SNAPCHAT USERS – WHO include 11 per cent of the population of Ireland – have been warned that their phone numbers and usernames may have been put online.
A site called SnapchatDB, believed to have been set up by hackers, claims that it is a database that “contains username and phone number pairs of a vast majority of the Snapchat users”.
Snapchat is an app that allows users to send each other video and photos with messages, all of which disappear within 10 seconds.
Today, SnapchatDB said on the site:
This information was acquired through the recently patched Snapchat exploit and is being shared with the public to raise awareness on the issue. The company was too reluctant at patching the exploit until they knew it was too late and companies that we trust with our information should be more careful when dealing with it.
The site owners added: “For now, we have censored the last two digits of the phone numbers in order to minimise spam and abuse. Feel free to contact us to ask for the uncensored database. Under certain circumstances, we may agree to release it.”
On 27 December, Snapchat – which was created by two Stanford students, Evan Spiegel and Bobby Murphy – said that a security group posted documentation for the app’s private API on Christmas eve.
“This documentation included an allegation regarding a possible attack by which one could compile a database of Snapchat usernames and phone numbers,” said Snapchat.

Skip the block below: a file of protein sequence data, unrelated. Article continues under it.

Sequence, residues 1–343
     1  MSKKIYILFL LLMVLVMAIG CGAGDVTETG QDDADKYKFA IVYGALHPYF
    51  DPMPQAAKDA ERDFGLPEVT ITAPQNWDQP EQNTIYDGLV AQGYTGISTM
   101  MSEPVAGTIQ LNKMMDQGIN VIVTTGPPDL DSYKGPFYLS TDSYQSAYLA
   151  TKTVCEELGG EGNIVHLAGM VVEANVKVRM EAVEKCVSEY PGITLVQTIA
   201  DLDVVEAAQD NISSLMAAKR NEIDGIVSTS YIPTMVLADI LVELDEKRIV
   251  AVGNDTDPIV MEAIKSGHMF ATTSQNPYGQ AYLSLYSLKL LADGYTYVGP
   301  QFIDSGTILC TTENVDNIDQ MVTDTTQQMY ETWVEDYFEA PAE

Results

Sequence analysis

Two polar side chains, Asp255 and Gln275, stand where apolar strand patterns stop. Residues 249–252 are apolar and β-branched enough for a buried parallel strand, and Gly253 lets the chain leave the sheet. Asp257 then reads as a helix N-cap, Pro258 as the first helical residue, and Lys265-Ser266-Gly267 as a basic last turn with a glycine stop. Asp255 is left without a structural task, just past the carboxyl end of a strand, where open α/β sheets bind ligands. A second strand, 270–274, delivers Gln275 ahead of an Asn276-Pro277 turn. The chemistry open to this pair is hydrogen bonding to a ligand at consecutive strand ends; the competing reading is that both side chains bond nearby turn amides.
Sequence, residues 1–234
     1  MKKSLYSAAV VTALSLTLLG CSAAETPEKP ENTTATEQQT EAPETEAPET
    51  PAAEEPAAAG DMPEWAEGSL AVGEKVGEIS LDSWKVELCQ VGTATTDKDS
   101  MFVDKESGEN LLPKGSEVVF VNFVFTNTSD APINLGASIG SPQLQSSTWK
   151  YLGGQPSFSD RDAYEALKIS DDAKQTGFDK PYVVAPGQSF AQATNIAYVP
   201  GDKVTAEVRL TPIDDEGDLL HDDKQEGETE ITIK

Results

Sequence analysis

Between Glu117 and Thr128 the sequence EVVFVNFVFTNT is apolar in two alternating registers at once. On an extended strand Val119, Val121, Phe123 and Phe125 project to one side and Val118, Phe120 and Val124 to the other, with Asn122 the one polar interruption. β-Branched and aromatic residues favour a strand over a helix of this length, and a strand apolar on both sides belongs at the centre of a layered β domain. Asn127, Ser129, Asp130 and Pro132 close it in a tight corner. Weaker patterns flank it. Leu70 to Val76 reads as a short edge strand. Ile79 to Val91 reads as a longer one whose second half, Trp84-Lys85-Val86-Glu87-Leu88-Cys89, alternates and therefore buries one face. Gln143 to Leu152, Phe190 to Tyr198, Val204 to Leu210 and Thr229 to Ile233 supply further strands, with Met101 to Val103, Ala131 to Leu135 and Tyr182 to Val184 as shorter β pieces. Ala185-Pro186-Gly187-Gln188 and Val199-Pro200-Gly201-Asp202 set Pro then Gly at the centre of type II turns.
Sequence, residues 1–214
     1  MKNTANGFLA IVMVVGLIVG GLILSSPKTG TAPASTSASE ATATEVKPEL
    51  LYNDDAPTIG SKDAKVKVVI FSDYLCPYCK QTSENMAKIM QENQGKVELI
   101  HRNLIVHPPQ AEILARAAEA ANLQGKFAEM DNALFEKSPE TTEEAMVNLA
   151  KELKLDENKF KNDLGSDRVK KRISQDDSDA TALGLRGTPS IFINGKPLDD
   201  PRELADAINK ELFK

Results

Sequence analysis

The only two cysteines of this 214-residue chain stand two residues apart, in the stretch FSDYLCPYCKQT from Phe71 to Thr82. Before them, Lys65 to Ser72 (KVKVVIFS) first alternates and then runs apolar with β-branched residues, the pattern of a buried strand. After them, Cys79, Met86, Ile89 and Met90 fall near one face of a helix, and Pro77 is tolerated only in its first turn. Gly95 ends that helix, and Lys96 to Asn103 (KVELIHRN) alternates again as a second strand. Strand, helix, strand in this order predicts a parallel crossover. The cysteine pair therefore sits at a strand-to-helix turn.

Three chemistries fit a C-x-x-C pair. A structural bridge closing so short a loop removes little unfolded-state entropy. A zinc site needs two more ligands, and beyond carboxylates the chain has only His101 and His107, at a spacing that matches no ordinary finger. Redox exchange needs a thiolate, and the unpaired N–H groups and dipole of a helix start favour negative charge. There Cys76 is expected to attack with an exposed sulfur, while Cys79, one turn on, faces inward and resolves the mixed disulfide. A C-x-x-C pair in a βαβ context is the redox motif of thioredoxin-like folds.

They continued that theoretically, if someone were able to upload a huge set of phone numbers, they could create a database of the results and match usernames to phone numbers.
In the 27 December statement, Snapchat said that it has recently added safeguards and counter-measures to make this difficult to do, and is continuing to make improvements to combat spam and abuse.
The comment came after Gibson Security, which is a group of Australian anonymous hackers, published a report on a vulnerability with Snapchat that could be exploited to potentially reveal user data.
Today, Gibson Security tweeted that they “know nothing about SnapchatDB”, but added “it was a matter of time til [sic] something like that happened”.
Tech website TechCrunch said it had originally speculated that the database website might be a hoax – until at least one of its editorial team found their own number on the site.